A U.S. Government Accountability Office (GAO) report said that 20 of the 220 motorcoach operators ordered to stop service by the Federal Motor Carrier Safety Association (FMSCA) in 2007 and 2008 remained in business by re-registering - in some cases under the same name as the company that was barred.
The GAO was asked to launch the probe following the August 2008 motorcoach crash in Sherman, Texas, which killed 17 passengers. In the investigation that followed the tragic crash, it was determined that the motorcoach company "reincarnated" using the same mailing and email addresses even after being ordered to cease operations two months prior.
"We were asked to take a look to see if that was the only case of a reincarnate carrier or if the system was vulnerable to others, who also had safety record problems, being able to get back in the system undetected by the U.S. Department of Transportation (U.S. DOT)," said Greg Kutz, managing director, forensic audit and special investigations, at the GAO.
Kutz, who served as one of the leads on the report, explained that the GAO's investigation included data matches of multiple characteristics, such as accumulating data for carriers that were placed out of service for safety violations during the two-year period and matching it against carriers that began service during that same period.
"We matched things like the name of the company, the address, the employee ID number for individual companies, social security numbers and cell phone numbers," added Kutz. "The presumption being that several matches of those meant it was highly probable the same company that was kicked out of service simply changed their name and started a new business with similar characteristics."
The GAO also conducted field investigations to verify information, and the same report found 500-plus trucking companies that had reincarnated during the same two-year period.
"The industry has long been aware of the problem, and we routinely receive calls from operators complaining of carriers reinventing themselves," commented Ken Presley, vice president, industry relations for the United Motorcoach Association (UMA). "It is difficult to determine if the number is actually higher than identified. FMCSA correctly points out there are many legitimate reasons someone with previous or existing operating authority may pursue new operating authority."
American Bus Association (ABA) President/CEO Peter J. Pantuso said that the issue of enforcement, in particular those companies that continue to operate despite bad safety records or through reincarnating, has been a long-time concern for the industry.
"It's not only making sure the companies aren't reincarnating, but making sure that anyone who is unsafe is put out of business and taken off the road immediately," said Pantuso. "Maybe that means locking the buses down, maybe it means securing the facility, but whatever it takes to make sure those buses aren't operating, if they're not operating safely, is a critical step."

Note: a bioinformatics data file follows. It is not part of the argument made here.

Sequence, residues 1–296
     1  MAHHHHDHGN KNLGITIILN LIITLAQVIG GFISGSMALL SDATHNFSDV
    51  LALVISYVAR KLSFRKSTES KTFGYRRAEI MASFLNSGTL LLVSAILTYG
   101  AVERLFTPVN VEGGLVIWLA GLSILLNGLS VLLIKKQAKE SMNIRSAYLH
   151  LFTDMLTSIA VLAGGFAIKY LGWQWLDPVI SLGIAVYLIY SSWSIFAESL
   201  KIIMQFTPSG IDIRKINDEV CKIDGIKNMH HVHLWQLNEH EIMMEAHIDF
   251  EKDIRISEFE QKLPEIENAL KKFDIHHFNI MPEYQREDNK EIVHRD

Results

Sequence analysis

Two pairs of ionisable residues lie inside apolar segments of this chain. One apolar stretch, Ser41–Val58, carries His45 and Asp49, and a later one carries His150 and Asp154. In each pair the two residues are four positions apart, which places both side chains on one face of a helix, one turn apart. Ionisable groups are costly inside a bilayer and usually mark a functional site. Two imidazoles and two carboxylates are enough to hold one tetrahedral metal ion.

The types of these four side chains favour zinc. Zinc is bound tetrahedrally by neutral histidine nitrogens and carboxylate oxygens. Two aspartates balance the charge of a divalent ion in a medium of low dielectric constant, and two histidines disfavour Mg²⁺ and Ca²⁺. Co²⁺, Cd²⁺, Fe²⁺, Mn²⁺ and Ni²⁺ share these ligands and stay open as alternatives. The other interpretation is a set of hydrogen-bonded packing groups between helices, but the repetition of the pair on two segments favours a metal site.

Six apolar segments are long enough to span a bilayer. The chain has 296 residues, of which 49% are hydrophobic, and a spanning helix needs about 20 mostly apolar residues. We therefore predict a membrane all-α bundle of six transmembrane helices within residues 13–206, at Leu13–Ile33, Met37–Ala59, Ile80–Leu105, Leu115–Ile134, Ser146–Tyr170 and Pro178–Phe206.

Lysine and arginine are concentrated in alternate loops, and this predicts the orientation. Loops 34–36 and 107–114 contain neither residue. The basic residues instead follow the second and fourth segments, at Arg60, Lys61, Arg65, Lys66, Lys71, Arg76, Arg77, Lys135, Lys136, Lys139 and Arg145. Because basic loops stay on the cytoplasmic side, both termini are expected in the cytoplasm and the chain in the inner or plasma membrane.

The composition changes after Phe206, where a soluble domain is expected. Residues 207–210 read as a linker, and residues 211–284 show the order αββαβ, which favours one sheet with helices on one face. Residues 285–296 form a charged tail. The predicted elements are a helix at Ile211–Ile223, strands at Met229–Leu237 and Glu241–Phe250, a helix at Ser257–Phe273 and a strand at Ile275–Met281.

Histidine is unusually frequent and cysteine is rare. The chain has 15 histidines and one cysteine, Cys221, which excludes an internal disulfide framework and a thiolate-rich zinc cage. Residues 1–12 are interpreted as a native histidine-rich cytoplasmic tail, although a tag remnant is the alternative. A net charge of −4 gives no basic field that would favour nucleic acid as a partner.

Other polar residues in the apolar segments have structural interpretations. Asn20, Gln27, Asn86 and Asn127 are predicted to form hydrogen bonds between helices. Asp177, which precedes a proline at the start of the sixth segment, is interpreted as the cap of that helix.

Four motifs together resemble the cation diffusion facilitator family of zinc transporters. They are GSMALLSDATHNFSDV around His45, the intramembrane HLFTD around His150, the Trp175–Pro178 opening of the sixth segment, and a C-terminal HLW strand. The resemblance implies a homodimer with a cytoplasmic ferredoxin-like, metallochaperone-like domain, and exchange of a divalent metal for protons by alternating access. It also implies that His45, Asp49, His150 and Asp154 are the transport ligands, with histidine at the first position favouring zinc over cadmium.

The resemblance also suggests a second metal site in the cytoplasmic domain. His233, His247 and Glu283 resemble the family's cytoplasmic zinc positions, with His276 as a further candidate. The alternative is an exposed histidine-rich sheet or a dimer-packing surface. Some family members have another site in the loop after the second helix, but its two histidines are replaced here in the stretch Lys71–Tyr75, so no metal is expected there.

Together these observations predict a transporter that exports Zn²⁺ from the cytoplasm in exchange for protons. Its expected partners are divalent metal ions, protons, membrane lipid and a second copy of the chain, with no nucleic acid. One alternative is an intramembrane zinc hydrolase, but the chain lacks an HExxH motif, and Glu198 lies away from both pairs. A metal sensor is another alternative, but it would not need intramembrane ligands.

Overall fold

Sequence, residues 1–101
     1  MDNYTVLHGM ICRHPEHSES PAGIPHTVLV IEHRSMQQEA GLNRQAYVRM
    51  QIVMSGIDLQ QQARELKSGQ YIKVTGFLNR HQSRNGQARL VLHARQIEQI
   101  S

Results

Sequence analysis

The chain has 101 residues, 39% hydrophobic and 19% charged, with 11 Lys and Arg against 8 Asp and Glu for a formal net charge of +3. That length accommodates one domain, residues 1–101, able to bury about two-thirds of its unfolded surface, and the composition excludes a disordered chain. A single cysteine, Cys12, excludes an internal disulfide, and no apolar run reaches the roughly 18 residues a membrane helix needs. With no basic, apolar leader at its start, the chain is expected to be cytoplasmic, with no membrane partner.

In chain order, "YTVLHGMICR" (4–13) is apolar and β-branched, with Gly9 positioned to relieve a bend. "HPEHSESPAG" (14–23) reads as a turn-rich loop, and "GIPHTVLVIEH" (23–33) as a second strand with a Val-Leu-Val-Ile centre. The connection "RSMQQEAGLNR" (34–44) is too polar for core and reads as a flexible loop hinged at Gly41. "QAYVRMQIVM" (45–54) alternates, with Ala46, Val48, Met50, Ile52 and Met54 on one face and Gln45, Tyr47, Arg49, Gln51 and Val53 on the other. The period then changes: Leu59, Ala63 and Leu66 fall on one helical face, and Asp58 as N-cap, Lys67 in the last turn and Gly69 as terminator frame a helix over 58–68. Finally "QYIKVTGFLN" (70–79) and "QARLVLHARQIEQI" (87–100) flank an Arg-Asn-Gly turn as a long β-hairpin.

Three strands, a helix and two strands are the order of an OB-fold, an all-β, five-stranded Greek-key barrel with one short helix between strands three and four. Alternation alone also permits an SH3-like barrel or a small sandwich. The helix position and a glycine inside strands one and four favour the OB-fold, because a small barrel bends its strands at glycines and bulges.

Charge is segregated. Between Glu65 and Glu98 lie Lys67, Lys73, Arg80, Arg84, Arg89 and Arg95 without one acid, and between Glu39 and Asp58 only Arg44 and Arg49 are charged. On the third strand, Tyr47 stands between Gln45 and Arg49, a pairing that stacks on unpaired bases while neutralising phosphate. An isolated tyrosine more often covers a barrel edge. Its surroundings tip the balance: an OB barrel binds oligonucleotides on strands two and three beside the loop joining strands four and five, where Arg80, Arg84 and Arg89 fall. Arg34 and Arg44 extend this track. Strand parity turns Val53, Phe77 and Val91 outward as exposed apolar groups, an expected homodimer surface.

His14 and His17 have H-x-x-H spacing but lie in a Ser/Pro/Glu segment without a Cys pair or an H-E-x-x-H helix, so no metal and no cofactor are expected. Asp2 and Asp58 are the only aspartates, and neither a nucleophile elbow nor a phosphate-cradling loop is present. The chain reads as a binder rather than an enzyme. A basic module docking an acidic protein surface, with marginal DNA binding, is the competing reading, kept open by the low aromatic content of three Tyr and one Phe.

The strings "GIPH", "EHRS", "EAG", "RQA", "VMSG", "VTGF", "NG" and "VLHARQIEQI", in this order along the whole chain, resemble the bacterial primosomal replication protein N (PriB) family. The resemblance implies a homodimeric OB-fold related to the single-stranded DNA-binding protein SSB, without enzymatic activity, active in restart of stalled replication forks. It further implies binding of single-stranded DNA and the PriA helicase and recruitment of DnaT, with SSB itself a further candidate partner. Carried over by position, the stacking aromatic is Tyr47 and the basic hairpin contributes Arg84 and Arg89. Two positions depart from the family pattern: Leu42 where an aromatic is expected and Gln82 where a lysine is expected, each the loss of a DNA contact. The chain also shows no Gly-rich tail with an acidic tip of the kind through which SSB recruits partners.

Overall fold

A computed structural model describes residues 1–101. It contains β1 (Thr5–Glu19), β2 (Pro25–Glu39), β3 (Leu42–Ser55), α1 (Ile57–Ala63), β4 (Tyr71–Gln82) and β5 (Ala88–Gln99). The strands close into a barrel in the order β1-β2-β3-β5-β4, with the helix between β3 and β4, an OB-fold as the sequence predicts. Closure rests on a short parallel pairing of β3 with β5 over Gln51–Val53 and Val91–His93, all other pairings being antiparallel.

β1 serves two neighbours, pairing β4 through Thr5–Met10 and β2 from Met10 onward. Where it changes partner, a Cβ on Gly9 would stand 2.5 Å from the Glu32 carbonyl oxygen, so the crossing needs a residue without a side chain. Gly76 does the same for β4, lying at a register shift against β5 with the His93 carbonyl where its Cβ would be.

Kutz agreed that enforcement is an issue, since the GAO report also found that many operators who were put out of service simply kept operating without the need for reinvention. "All they do is just keep operating, and when they get caught again the only penalty by the U.S. DOT is a fine that never gets paid," he said. "There is not really a whole lot of teeth behind putting somebody 'out of service.'"
The 20 cases identified by the GAO as likely reincarnations were registered with FMCSA at the time it did not have any dedicated controls in place to prevent motorcoach carriers from reincarnating, according to the report. In 2008, the FMCSA instituted a process to identify violators by checking applicant information against those of poor-performing carriers, however, the report added that even if the FMCSA could identify a new entrant had similar information, such as the name of the company or owner, the FMCSA would still face legal hurdles, including proving corporate successorship, to deny the company the authority to operate.
Out of the 20 reincarnated cases found by the GAO, Kutz said that it appeared there were five still operating. Those five companies were referred to the U.S. DOT in hopes the agency would prioritize and do something to shut them down before more injuries occur.
Although the GAO report did not make recommendations for solving the issue, Kutz, like Pantuso, said that perhaps going in and physically shutting down operators that break the rules is the answer.
Pantuso and Presley also suggested a more stringent new entrant program since a new operator can go up to 18 months before being inspected. "Before the first wheel ever turns and the first passenger ever boards, those companies ought to be inspected and deemed to be safe," said Pantuso.
Added Presley: "We think the problem is relatively easy to fix once everyone understands that individuals are responsible for managing bus operations, not companies. The UMA advocates that individuals applying for operating authority pass an exam that demonstrates proficiency and a thorough understanding of the Federal Motor Carrier Safety Regulations."